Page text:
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Print trouble halts Petrapole export

Of the 23 land ports between India and Bangladesh, Petrapole is the biggest and accounts for over 60% of the trade

By Subhasish Chaudhuri in Petrapole

  • Published 4.11.19, 12:41 AM
  • Updated 4.11.19, 12:41 AM
Some of the Indian trucks stranded in Petrapole.
Some of the Indian trucks stranded in Petrapole. Picture by Chanchal Pal

Exports to Bangladesh through the Petrapole land port has been suspended for two consecutive days since Friday as all printers used by the Central Warehousing Corporation to print the final order for the cargo movement became defunct.

More than 1,000 trucks were left stranded on the India side of the border as they didn’t receive the ‘Let Export Orders’ — Leo in exporters’ parlance which is the final legal procedure to move goods out of the country.

After clearance by the customs that assesses the value of goods and inspects the cargo, the CWC issues the necessary document. “The situation is beyond control and it would take at least a week to resume normal service,” said a CWC official.

According to him, the CWC has three printers at the Petrapole land port, of which two had not been working for about two months. But on Friday, the remaining one also went out of order, resulting in a virtual halt to the Indian export to Bangladesh through Petrapole.

Out of the 23 land ports between India and Bangladesh, Petrapole is the biggest and accounts for over 60 per cent of the trade.

The delay angered transporters and clearing agents, who accused the CWC of “sheer callousness” that led to such an unusual suspension of export and demanded an alternative arrangement. However, the CWC authorities have ruled out making any alternative arrangement as the “online security system” does not support any local procedure.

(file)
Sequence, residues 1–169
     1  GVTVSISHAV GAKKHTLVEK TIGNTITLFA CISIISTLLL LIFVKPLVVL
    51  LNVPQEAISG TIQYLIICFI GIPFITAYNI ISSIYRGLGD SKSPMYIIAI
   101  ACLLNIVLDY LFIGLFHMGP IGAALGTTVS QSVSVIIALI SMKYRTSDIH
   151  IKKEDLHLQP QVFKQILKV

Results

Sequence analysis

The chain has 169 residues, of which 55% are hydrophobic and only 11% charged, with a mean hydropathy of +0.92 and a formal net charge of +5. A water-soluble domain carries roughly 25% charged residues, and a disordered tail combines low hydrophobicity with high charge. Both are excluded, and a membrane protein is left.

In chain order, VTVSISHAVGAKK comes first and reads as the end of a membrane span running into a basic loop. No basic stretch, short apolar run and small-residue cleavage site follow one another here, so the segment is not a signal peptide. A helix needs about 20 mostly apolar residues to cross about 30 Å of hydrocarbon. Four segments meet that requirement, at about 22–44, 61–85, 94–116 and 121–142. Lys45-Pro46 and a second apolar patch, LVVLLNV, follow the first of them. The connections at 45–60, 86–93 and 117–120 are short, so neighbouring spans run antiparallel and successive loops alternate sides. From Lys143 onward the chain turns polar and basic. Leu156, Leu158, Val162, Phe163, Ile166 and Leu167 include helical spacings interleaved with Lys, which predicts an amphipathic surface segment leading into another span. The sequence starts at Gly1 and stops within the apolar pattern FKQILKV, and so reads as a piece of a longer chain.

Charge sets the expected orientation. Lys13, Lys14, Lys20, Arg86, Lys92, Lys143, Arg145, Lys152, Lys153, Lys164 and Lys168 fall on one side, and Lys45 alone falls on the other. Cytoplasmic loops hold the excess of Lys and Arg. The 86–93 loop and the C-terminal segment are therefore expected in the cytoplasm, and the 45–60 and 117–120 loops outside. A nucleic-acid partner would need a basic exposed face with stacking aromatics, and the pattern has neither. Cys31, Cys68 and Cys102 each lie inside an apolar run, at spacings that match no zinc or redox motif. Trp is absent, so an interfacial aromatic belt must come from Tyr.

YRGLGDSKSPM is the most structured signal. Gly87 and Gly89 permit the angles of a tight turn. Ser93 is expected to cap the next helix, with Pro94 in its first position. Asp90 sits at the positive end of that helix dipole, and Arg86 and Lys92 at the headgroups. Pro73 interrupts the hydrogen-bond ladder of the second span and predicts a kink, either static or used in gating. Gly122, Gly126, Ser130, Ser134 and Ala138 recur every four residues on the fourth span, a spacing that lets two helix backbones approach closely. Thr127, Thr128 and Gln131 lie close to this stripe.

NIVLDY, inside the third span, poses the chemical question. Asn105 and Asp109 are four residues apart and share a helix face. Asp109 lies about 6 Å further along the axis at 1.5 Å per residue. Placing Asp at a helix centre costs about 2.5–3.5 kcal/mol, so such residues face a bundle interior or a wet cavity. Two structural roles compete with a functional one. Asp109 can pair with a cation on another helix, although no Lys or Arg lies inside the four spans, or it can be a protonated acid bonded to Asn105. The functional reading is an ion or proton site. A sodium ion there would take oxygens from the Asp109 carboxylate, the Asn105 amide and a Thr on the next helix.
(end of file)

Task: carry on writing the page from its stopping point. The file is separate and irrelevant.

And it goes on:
“There would be an overall loss of more than Rs 100 crore for such an inordinate delay. Several of these cargo vehicles are carrying perishable items. Moreover, the transporters have to take the burden of parking fee of least Rs 100 to Rs 300 per day”, said Kartick Chakraborty, the secretary of the Petrapole Clearing Agents’ Welfare Association.

According to him, the complete shutdown of exports is an embarrassment for India as the integrated system on the other side of the border — that allows Bangladeshi cargo vehicles to enter India after clearance — is running efficiently.

“This is surprising,” Chakraborty added, referring to the fact that Petrapole was upgraded to an integrated check post, from a land customs station, as part of the government’s plan to improve trade with neighbours.

A CWC official at Petrapole said new printers had been ordered. “We are expecting the printers to arrive by Wednesday. But it would take at least three more days for their installation,” said Debdoot Datta, manager of the CWC at Petrapole.

The CWC is a public sector undertaking and a premier warehousing agency in the country that provides logistic services, including clearing and handling of exports and imports.

Shiv Sagar, assistant commissioner of customs in Petrapole, said: “I wrote a number of letters urging the CWC authorities to get the printers replaced. I also verbally told the manager here the same. But it appears that they did not take any action.”

“The customs officials are doing their best for clearance round the clock. Still, they are suffering for a technical problem for which we are not responsible,” he added.

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